Sunday, February 14, 2010

How not to deal with corruption: Kenya Edition

Kenya is a country that has seen its turmoil. It was only in 2007 when there were riots over the results of the elections, ending up in the deaths of hundreds, as well as a power sharing agreement between two rivals, President Mwai Kibaki, and Prime Minister Raila Odinga.

So, step into recent times, and the worry is all over the huge corruption scandals going on within the country's ministries. One such scandal has cost Kenya funding to it's Ministry of Education by both the US and the UK. Transparency International rates Kenya as the most corrupted East African country. Not a record to be proud of.

So, are heads rolling? Sure - but not the right heads. Kenya's civil servants are getting fired left, right, and center, instead of those that control the ministries themselves. In fact, none of the ministers have been touched themselves, despite direct links to them.

And this is not how to deal with corruption, folks. Why? Well, even though it might save your own ass from a possible canning in the short term, it probably won't in the long term. There is a feeling that political accountability is simply non-existent in the country. There may not be movements now to change that, however, when you purposefully divert food funds to your own personal coffers, I can see clouds on the horizon.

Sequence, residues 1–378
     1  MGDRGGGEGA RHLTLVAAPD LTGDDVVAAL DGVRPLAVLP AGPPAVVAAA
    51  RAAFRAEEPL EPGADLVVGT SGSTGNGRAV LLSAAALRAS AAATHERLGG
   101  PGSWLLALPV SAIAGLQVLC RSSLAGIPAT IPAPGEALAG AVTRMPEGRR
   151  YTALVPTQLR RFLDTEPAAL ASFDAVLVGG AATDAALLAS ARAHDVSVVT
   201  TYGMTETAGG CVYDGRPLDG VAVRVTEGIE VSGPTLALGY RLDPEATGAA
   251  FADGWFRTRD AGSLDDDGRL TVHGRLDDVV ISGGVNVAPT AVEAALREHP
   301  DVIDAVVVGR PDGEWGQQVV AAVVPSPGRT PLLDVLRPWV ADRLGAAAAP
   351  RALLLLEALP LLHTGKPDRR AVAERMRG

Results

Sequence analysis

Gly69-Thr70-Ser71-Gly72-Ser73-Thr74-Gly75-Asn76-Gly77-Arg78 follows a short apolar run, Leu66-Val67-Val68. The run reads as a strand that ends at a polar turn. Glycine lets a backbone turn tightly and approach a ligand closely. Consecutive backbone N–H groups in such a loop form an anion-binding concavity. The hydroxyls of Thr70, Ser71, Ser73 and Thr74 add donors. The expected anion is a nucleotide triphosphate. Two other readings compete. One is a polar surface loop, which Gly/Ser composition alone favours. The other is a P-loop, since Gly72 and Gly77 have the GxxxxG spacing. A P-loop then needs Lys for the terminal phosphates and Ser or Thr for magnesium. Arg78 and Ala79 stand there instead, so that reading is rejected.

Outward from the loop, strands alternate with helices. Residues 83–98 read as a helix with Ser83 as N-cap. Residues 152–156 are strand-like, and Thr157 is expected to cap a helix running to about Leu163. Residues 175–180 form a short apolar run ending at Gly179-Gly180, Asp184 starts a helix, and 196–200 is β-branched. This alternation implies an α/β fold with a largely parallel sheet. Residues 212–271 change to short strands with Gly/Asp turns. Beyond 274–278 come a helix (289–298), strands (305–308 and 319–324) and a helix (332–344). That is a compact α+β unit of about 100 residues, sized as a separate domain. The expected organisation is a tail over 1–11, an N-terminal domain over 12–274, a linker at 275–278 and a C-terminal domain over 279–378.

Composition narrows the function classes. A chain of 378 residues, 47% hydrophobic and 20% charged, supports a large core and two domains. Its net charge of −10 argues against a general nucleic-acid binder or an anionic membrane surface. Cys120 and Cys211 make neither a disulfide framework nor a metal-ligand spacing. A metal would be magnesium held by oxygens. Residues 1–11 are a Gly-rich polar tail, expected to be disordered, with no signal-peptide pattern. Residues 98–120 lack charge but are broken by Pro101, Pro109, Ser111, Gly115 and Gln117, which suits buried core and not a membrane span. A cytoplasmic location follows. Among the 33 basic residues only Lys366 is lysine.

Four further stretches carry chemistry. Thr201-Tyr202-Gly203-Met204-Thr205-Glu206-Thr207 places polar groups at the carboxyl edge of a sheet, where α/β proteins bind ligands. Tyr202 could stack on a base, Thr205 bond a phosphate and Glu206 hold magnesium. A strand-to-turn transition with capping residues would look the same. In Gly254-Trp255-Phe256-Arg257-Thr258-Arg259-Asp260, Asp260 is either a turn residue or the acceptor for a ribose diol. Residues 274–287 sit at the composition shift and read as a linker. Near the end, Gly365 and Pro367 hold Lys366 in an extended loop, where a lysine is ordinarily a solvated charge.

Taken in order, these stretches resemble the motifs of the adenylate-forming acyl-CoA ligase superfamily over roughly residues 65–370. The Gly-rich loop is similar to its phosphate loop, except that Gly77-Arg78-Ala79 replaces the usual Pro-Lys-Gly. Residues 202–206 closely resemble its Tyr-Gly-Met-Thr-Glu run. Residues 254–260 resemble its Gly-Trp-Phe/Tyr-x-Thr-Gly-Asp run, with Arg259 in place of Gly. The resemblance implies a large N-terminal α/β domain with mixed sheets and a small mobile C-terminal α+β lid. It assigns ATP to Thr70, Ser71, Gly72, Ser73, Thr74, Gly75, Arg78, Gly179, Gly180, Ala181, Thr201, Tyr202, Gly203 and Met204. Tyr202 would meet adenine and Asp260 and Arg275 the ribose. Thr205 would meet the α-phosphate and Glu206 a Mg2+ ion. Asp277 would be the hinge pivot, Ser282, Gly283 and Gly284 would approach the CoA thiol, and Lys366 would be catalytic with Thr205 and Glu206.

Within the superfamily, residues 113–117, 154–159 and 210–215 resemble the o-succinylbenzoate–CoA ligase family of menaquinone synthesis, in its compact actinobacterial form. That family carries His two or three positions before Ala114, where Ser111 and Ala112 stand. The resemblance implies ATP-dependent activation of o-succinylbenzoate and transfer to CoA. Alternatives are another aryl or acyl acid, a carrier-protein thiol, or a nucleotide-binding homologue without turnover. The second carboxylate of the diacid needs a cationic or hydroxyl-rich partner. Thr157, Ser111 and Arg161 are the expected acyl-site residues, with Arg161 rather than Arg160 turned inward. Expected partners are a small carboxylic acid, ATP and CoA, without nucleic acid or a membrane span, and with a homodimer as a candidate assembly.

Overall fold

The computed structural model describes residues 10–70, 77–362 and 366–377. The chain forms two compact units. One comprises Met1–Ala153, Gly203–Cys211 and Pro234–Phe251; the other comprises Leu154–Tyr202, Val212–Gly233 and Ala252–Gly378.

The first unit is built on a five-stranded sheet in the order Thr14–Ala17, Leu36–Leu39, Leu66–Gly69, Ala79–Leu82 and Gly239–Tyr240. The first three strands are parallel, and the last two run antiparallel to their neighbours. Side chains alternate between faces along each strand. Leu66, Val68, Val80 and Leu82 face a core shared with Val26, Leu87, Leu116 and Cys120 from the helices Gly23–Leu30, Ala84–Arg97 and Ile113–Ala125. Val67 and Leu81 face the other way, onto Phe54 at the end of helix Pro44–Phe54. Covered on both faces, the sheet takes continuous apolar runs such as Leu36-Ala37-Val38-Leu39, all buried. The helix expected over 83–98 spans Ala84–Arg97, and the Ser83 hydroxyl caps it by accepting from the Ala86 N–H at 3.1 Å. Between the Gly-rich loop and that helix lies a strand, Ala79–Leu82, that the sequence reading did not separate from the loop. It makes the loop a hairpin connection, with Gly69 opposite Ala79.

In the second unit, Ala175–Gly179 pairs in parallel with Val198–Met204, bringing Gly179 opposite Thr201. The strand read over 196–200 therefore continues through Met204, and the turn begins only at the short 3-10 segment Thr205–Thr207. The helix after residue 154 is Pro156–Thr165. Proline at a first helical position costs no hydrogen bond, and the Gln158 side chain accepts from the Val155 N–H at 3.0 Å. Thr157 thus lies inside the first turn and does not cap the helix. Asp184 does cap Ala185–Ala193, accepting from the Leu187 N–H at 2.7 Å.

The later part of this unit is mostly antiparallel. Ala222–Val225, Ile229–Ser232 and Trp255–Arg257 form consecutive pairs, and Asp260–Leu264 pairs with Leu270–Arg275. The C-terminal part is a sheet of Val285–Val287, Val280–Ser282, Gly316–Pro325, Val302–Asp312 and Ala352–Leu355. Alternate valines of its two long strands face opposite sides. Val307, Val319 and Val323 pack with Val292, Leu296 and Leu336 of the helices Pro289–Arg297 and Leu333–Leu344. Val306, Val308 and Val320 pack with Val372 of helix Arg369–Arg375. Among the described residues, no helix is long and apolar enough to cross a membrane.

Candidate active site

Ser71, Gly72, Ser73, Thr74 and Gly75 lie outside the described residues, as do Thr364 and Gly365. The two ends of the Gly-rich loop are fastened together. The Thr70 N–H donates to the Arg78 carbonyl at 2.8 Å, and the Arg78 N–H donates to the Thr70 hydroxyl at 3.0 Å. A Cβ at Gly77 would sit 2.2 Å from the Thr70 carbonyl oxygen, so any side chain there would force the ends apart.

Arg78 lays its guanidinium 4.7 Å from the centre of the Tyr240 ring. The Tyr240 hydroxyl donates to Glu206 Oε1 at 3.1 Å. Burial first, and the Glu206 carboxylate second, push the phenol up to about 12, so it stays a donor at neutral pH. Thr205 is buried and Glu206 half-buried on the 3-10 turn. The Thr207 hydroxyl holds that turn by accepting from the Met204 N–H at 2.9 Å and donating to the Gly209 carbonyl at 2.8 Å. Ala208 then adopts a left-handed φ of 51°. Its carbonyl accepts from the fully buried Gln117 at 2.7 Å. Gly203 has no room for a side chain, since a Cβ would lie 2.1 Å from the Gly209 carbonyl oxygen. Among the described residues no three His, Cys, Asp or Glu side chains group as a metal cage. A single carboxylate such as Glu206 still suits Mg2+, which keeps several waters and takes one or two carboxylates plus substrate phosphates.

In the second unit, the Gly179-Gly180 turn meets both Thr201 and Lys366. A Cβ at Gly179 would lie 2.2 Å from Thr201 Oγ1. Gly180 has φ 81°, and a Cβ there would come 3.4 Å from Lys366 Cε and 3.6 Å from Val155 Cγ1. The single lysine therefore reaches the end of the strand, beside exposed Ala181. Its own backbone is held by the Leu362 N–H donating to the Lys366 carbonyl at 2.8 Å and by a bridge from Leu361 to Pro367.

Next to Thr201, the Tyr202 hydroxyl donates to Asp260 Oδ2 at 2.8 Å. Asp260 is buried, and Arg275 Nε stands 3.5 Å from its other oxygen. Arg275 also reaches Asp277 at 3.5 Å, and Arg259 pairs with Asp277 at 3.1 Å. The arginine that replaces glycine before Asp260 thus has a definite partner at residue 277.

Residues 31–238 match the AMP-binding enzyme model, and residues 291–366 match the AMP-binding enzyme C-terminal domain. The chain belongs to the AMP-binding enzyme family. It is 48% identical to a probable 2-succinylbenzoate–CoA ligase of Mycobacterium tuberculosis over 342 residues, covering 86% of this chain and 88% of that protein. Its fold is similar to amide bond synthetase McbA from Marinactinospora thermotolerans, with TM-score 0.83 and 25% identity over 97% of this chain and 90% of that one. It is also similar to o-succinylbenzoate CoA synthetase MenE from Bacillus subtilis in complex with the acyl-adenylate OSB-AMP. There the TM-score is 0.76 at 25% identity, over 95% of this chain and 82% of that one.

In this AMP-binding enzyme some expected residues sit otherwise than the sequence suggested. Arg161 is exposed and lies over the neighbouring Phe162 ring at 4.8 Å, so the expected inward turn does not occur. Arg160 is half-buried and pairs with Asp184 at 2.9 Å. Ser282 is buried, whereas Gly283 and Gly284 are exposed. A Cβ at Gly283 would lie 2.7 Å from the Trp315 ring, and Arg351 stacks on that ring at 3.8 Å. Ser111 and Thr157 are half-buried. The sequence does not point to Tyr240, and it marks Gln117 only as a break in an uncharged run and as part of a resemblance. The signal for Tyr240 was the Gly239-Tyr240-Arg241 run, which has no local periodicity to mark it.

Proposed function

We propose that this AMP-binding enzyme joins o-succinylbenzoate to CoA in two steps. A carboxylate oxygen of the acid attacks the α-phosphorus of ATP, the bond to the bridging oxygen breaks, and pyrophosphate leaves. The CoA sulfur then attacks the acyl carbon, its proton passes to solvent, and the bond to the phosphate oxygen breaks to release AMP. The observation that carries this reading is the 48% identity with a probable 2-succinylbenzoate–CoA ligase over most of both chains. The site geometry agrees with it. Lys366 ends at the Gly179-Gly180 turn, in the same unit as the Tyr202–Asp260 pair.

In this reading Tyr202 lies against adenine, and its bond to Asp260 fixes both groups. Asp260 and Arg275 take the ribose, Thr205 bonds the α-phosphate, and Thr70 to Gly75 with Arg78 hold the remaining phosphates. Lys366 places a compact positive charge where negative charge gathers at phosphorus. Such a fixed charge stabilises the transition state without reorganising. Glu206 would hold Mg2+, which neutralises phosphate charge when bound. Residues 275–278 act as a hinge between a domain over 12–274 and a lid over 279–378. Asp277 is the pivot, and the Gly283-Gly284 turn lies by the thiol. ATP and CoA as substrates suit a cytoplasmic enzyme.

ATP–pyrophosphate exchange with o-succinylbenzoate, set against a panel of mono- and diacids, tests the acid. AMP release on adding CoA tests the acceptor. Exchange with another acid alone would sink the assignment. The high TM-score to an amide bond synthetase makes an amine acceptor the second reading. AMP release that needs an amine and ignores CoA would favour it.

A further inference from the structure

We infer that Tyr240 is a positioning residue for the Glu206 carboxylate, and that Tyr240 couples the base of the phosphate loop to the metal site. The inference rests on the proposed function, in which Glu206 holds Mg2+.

Because, as anyone knows, accountability in politics generally matters when there is something that will affect the public. So long as politicians get things done for their constituents, in a country like Kenya, I doubt most could care about corruption. It isn't like the comfortable lives we live here in the Western world, where everything is stable enough that we can care about spending scandals that don't directly affect what we get. Kenya is pretty unstable - not as bad as some countries, but still - and so long as a politician delivers for the people, they can be pretty darn corrupt.

At least, that is my theory, and how I would see it, if I were living in such a situation. Which is why it amazes me that these ministers would be stupid enough to pass off the blame to public servants when clearly the hate is targeted at them, for the very reason that their corruption does personally affect what your constits get.

However, this foresight has seemed to escape the Kenyan administration. In that light, I hope them well in the next elections - I think there will, unfortunately, but another fight on their hands. But, maybe that fight is worth having, eh?

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